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The Painful History and Astonishing Facts of the Barbary Slave Trade

Barbary Slave Trade: History and Facts
Slave trade has been the oldest trades carried out by man. It has dehumanized its victims ever since it began. Once such phase of slave trade was Barbary slave trade that placed millions of European Christians under Turks as slaves.
Shruti Bhat
Last Updated: Jul 25, 2017
Nothing Less than Horror
The Turks captured their people in the death of the night, while they were "peaceful and still naked in their beds."This gave rise to the Sicilian expression, "pigliato dai turchi", meaning "taken by the Turks"; in other words, "to be taken by surprise while asleep or distracted".
History is filled with tragedies that fell upon man. One such tragedy that has repeatedly shown its ugly side from time to time is slavery. Many were not spared at the hands of slavery, which claimed the lives of the old, young, men, and women alike.
We have often read and learned about those who were abducted from the African continent and transported all over Europe, America, and the Caribbean islands. But little is known or spoken about the slavery carried on by the Barbary pirates on the coastline of Algeria, Libya, Tunisia, and Morocco.
Origin, History, and Facts
Slavery has been going on long before African slaves were brought into slave markets around the world. Around the early 1600s, many British and European ships were seized and plundered of all their goods especially their most valuable commodity―the people on the ships. Many coastlines of England, France, Italy, Ireland, Portugal, and Spain were raided in the death of the night, leaving behind deserted beaches and empty houses. These savage abductions were being carried out by Barbary pirates or Corsairs, i.e., the Turks. Those captured were shipped in inhumane conditions and were brought to the pirate's hometown, where they were sold off as slaves.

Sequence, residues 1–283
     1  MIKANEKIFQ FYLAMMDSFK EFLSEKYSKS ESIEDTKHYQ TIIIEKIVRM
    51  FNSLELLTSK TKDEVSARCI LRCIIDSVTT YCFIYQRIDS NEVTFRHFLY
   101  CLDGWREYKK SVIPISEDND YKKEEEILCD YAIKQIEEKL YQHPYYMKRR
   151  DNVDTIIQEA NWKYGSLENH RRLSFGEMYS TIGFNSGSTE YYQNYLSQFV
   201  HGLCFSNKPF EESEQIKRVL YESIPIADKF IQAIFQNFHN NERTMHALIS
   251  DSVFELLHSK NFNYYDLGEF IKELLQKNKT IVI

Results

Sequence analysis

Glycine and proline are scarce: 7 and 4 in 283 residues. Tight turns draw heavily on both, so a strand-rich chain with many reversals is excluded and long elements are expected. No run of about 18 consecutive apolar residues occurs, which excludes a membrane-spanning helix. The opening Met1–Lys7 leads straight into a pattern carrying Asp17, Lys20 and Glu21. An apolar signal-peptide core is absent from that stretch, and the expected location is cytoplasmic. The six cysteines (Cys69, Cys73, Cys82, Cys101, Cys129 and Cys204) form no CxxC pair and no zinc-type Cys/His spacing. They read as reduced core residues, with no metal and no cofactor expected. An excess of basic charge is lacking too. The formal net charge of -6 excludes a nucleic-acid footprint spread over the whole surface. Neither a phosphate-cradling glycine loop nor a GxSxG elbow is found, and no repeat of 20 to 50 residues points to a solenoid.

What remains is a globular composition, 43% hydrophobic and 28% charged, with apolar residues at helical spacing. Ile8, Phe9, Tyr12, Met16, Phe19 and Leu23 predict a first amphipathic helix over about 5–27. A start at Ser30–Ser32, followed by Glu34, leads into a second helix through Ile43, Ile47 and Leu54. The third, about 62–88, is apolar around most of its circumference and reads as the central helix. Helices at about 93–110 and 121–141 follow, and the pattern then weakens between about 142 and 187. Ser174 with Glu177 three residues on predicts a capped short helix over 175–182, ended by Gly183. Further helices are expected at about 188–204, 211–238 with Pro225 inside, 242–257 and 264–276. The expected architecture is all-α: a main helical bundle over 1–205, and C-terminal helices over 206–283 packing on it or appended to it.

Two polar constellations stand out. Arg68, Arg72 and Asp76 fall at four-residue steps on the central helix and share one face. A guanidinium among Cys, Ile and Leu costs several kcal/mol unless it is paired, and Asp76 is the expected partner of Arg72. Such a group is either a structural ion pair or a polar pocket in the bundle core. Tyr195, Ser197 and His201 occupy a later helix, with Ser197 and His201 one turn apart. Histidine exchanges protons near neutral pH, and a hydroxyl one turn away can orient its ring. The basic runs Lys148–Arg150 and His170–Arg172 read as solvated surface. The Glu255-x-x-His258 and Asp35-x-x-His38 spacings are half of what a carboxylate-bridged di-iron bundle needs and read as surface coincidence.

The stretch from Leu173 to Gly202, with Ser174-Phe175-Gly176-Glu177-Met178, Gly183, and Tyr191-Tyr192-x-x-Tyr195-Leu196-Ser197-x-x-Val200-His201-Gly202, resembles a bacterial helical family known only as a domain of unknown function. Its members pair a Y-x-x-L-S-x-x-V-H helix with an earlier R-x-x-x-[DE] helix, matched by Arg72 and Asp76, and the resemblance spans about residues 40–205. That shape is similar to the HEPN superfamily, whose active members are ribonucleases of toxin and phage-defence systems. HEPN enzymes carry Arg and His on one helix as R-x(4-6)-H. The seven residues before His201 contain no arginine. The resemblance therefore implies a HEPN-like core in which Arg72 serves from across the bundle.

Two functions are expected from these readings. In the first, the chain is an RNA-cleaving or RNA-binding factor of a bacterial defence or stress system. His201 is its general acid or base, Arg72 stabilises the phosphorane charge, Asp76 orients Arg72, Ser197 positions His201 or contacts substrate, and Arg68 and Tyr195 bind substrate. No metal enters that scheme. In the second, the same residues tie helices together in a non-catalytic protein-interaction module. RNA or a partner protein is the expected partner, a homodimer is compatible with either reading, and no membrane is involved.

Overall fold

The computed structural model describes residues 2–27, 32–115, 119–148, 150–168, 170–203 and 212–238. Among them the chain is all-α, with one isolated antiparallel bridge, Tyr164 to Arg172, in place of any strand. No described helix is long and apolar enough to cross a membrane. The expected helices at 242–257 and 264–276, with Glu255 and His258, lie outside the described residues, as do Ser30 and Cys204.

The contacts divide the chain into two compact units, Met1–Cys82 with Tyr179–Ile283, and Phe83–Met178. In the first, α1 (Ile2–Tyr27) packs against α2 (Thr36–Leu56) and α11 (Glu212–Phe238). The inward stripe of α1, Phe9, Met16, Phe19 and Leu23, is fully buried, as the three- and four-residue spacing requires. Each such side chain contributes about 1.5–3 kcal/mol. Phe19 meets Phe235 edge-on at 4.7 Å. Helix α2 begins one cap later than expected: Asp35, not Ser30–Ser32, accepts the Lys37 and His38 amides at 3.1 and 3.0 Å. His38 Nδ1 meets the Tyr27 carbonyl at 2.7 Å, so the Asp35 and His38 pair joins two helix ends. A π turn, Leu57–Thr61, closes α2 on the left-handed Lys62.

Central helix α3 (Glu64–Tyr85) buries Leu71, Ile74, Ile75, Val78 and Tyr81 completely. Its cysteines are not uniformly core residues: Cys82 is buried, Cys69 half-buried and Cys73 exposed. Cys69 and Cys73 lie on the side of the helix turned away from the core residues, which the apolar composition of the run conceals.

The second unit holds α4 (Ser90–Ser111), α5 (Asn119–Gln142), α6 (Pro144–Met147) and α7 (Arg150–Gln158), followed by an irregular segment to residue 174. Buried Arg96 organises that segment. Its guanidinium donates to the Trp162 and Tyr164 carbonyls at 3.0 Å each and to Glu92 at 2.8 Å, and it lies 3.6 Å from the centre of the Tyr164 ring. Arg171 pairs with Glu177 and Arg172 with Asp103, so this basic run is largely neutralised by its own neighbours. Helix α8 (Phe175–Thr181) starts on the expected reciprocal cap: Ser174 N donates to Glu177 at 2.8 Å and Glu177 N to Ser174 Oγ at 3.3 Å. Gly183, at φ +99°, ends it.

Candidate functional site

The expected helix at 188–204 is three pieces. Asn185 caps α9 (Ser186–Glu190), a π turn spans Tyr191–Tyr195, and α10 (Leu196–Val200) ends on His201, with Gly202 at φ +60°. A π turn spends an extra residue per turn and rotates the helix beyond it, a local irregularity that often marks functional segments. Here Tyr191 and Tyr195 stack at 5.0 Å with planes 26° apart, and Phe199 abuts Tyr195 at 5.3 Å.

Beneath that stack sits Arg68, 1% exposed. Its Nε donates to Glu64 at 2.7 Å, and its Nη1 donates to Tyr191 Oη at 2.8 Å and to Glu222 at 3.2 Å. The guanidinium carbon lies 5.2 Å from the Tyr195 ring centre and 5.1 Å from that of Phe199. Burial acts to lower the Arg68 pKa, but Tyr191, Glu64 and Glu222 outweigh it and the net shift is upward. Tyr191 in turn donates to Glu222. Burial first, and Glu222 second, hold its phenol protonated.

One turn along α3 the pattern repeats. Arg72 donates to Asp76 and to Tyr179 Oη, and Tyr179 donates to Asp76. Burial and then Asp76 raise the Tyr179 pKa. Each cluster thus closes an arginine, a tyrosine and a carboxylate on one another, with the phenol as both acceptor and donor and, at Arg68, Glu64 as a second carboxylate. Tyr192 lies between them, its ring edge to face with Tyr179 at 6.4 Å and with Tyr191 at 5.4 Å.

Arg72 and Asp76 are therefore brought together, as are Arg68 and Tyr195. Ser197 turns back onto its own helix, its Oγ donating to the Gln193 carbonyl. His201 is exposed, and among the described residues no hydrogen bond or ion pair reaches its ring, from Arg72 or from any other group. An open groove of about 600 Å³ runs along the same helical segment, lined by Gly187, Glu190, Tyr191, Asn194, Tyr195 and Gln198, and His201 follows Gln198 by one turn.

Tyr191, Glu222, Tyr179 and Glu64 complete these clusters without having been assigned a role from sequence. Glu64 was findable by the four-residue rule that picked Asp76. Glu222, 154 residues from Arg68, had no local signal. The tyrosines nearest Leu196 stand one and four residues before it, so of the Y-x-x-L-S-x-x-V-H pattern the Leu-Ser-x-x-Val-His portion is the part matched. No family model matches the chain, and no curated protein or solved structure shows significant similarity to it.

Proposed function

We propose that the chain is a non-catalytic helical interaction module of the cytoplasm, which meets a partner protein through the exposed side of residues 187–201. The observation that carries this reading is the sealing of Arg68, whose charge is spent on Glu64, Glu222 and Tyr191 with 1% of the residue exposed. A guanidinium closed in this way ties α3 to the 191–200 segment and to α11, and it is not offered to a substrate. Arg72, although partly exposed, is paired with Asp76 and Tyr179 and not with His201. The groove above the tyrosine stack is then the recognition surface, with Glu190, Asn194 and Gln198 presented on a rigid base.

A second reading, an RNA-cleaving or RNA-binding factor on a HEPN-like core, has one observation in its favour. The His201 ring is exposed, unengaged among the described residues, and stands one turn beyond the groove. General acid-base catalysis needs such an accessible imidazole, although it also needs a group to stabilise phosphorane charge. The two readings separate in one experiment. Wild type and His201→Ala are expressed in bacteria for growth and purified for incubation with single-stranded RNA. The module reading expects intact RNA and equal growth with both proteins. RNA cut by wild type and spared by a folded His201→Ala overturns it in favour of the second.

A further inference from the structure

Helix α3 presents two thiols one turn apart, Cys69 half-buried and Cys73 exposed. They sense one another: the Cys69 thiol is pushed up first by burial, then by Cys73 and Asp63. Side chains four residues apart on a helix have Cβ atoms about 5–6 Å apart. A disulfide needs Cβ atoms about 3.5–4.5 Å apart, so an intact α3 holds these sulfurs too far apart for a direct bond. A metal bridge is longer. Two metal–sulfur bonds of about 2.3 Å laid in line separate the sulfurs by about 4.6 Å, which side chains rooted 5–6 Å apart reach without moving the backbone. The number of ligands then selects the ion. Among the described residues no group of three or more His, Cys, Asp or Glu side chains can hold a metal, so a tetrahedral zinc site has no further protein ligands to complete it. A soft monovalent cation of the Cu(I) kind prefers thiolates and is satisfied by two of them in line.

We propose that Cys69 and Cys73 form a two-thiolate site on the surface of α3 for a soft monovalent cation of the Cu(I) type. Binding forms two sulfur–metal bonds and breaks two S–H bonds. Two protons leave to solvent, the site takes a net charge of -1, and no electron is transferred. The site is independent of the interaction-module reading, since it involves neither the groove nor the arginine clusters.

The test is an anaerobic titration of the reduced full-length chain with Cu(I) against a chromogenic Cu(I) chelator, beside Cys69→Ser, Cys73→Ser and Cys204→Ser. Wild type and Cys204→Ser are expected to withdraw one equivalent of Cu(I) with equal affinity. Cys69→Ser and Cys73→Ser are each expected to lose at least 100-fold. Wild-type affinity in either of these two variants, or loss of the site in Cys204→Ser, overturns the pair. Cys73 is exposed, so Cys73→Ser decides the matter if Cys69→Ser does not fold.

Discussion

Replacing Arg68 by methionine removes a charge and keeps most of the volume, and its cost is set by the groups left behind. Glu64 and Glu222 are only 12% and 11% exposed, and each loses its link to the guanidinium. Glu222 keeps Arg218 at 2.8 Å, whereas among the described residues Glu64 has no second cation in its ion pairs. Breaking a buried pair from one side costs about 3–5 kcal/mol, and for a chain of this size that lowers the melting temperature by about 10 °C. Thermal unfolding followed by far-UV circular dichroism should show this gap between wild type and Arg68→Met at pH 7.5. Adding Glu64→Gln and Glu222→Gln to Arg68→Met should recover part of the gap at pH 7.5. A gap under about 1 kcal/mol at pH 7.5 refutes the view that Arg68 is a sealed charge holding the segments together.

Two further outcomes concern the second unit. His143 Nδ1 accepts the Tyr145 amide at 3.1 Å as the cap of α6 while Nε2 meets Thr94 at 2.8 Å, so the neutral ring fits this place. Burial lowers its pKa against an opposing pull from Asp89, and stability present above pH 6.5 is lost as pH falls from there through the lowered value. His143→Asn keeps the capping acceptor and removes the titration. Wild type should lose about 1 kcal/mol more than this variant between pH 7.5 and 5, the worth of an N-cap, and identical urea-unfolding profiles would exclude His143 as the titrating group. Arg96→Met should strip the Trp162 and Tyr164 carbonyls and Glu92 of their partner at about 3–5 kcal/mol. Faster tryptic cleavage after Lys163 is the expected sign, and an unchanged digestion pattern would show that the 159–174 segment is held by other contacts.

Slaves were often paraded through the streets for the public to see. These Barbary slaves were inspected, forced to perform for their perspective buyers, and branded.
Men were made to jump to prove that they weren't lame. Both men and women were often stripped naked to see their health and sexual value.
Men were checked for circumcision to know if they were Jews. Clothes were inspected to see if anything valuable was stitched into them. Their ear lobes were inspected to see any sign of piercing, which indicated to their slaves being rich back on their land.
Healthy slaves were sent either for hard manual labor or back on the galleys/ships. However, if found unfit, they were left to wander the streets and beg for money.
Their facial hair or hair on their heads, both being an important part of their identity, was shaved off to further humiliate them.
Those who were sent back on the ship had a far worse fate than the ones performing hard labor. Two to five men were shackled together by their feet with their hands to the oars and made to man the oars of the galleys. They were not allowed to move from their place. They often slept, ate, urinated, and defecated on their seat. Those who managed these rowers often cracked their whips or bull's pizzle on the bare backs of these slaves. Once on the port, these slaves were condemned to bagno and other work that the Pasha or ruler sent them.